Is there a local solution? Probably not:
The Economic Community of West African States (ECOWAS), the African Union and the UN have taken a strong stand, unambiguously telling Gbagbo to go. Unheeded, ECOWAS and the AU then threatened using “legitimate force” – a revolutionary proposition for usually cautious organisations. So far, their actions have not matched their bold declarations.
Nigeria is not enthusiastic about intervention. It would have to pay for most of the operation and provide the logistics too. The country will hold its own elections in April. President Goodluck Jonathan is preoccupied at home with militias from the Niger Delta to the far north. Those realities might explain the mission of former president Olusegun Obasanjo to talk to Gbagbo in mid-January: few ex-leaders in the region are as blunt and forceful.
Côte d’Ivoire’s neighbours watch on closely. Ghana’s President John Atta Mills has ruled out sending troops, saying the matter should be settled through negotiations. Other states are wobbling. An intervention against an incumbent president would set an uncomfortable precedent in a year when some 18 African countries are holding elections.
Gbagbo’s camp says it is ready. One supporter showed Anansi a stash of arms in a darkened room, saying: “Eighty per cent of young Ivorians are unemployed. For us, a gun is a passport to making money.” Yet the truckloads of newly armed Gbagbo supporters patrolling Abidjan point to distrust: the cheerleaders cost money, and show a lack of confidence in the national army. “If you have to arm youths and recruit foreign mercenaries, you doubt either the capacity or loyalty of your own army of 18,000 men,” a general pointed out.
ECOWAS could still revise its position if sanctions against Gbagbo start to work. Civil servants and then, more dangerously, the army and assorted mercenaries could be left without salaries. Gbagbo’s grip on the army relies on the generals, not the ranks, many of whom voted for Ouattara. As the pressure mounts, junior officers could cut a deal with Ouattara and mount a putsch.
It’s hard to see how this doesn’t get worse before it gets better.
UPDATE: Upon recollection, I wondered if I pursued the Vanco story enough. Vanco is a partner with LUKoil and Petroci, in Cote D’Ivoire, in Africa and, recently, in the Black Sea. And Vanco is based out of Texas.
Vanco, Petroci, and LUKoil have extensive plans in 2011 and 2012 to drill off the Ivory Coast – and there are indications as mentioned above that the Russians feel this project may be at stake with the Gbagbo and Ouattara dispute.
Not surprisingly, leadership of Vanco energy have donated extensively to prominent Republicans. Founder Gene Van Dyke has donated to Republican Senators John Cornyn, Rand Paul, Roy Blunt, Kelly Ayotte, and James Inhofe. He’s donated to House members Ted Poe, Bill Flores, Michael McCaul, Pete Olson, and John Culberson. He also donated a substantial amount to the Republican National Committee.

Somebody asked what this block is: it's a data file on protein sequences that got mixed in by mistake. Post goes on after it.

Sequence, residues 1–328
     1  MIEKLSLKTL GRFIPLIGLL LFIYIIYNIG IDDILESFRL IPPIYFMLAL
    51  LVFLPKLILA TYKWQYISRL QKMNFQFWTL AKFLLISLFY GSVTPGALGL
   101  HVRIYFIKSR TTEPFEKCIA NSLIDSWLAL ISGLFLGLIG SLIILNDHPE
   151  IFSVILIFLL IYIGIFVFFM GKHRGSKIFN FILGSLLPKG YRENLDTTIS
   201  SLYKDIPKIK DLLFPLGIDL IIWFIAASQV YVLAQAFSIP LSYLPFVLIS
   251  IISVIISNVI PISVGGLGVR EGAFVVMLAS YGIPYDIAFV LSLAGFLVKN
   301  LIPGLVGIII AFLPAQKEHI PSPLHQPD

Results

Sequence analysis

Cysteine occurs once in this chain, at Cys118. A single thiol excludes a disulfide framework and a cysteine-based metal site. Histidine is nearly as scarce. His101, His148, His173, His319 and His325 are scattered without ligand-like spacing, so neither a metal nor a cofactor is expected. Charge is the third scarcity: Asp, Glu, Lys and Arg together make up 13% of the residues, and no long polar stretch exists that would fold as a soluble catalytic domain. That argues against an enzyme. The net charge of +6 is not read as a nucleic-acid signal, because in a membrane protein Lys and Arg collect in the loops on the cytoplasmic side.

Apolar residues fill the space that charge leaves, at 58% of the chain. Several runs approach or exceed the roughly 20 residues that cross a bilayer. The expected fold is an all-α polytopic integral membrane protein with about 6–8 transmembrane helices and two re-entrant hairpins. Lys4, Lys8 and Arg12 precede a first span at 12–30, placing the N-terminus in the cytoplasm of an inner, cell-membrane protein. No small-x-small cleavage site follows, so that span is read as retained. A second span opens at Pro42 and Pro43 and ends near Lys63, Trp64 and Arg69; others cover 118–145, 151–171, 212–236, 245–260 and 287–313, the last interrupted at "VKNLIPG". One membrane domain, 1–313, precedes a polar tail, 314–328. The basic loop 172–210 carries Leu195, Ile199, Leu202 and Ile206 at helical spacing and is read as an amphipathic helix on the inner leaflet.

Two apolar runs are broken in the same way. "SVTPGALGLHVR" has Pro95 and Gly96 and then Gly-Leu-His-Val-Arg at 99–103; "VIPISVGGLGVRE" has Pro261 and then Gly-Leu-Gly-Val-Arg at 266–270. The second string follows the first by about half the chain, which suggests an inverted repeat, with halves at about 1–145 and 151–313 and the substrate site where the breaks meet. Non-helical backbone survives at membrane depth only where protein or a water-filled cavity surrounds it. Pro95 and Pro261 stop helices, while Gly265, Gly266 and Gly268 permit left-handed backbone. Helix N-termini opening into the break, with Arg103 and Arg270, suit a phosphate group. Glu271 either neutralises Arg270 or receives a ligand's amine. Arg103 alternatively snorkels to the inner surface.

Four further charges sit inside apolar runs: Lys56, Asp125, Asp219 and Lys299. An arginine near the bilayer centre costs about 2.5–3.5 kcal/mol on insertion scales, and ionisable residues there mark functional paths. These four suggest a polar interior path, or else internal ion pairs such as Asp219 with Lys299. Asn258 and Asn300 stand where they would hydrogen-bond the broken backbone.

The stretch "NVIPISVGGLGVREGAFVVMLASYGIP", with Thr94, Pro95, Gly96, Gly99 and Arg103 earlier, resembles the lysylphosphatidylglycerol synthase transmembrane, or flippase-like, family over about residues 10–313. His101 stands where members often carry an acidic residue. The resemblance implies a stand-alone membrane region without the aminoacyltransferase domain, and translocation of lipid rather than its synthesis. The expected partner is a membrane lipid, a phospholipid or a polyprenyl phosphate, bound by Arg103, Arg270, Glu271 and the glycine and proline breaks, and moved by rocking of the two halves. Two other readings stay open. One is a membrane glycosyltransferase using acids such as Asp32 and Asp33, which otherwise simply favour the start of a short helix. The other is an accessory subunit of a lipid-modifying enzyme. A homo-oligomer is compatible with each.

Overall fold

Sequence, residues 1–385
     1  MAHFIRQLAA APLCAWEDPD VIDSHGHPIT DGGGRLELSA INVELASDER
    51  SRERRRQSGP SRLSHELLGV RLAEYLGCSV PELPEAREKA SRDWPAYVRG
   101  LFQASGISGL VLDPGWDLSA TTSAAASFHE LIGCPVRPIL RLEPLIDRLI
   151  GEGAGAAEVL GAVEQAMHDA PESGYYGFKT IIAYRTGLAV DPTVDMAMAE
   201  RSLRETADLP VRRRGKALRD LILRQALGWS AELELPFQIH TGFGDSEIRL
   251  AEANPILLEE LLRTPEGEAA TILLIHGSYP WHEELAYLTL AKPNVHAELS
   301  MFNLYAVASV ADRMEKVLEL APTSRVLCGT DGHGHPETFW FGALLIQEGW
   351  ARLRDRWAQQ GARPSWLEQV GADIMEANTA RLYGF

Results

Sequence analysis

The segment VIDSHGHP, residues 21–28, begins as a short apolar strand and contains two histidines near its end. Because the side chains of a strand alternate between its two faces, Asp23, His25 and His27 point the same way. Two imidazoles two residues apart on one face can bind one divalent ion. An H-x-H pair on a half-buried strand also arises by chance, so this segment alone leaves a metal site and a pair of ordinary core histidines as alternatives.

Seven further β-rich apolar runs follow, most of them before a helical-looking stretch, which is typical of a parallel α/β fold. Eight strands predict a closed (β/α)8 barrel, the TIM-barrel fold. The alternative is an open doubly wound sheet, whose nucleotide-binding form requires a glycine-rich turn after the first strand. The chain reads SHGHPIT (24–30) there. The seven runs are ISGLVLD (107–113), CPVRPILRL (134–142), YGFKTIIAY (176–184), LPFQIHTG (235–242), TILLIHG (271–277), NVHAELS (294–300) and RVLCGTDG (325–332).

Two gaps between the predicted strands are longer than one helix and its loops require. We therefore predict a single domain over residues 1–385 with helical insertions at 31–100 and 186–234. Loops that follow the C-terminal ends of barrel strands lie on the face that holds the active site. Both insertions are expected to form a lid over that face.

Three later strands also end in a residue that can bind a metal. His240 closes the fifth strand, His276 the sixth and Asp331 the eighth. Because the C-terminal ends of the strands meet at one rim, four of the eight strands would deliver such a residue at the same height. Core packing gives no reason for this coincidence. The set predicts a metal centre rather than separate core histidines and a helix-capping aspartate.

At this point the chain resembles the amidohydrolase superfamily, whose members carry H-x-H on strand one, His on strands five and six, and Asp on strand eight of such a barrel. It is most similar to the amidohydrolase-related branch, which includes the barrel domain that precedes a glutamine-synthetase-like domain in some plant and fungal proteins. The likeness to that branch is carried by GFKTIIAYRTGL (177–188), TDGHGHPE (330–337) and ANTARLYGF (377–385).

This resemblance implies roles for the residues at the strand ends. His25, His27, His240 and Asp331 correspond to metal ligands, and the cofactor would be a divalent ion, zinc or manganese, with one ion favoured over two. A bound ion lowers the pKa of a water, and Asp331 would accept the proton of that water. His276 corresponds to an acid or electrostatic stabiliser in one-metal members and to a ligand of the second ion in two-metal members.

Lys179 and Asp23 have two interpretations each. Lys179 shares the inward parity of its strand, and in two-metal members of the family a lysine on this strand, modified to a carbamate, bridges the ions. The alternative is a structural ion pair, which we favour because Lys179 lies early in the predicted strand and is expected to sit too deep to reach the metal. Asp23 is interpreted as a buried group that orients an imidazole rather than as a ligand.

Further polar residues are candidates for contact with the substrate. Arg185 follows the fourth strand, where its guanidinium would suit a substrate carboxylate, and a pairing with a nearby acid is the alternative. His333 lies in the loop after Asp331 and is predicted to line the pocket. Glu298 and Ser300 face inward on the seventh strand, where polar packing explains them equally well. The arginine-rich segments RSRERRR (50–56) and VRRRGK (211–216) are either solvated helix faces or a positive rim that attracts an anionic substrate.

Poe and McCaul are on the House Foreign Relations Committee. Neither are on the Subcommittee dealing with Africa and Human Rights.
James Inhofe is on the Senate Foreign Relations Committee, and is also on the Subcommittee on African Affairs.
I can find no evidence of any of these supporting Gbagbo over Ouattara in the current dispute. But the question should be posed to them.
I’ve rewritten this post about 5 times, using completely different themes. The Ivory Coast is complicated.
If one looks at the last 20-25 years of history in the Ivory Coast, one sees slowly decaying economic conditions (once the former powerhouse of west Africa, they have been eclipsed by Ghana) and unstable politics to the point where there has been military action in domestic affairs at least four times in major ways. There are reports that both sides of the emerging civil war have committed atrocities, though more by the side with power currently. 410 people have currently died.
Indeed, different forces even have controlled different parts of the country for a better part of a decade. Orton Kiishweko asked an important question earlier this week at the end of his column on the degenerating crisis:
And as the meeting ended on Thursday night, it was clear that the solution they wanted for the country is to allow Ouattara and Gbagbo to contest in the real court of effective state formation – the military.
Short of that, the question of how elections have sometimes failed to produce leaders peacefully will start shaping analysts’ thoughts that not every political problem in a country can only be solved through competitive elections.
The BBC has made similar points. There are a number of important points here. First, that elections themselves are only as meaningful as they reflect the people and can actually be implemented. In the Ivory Coast, it’s clear the arbiter of power is the military.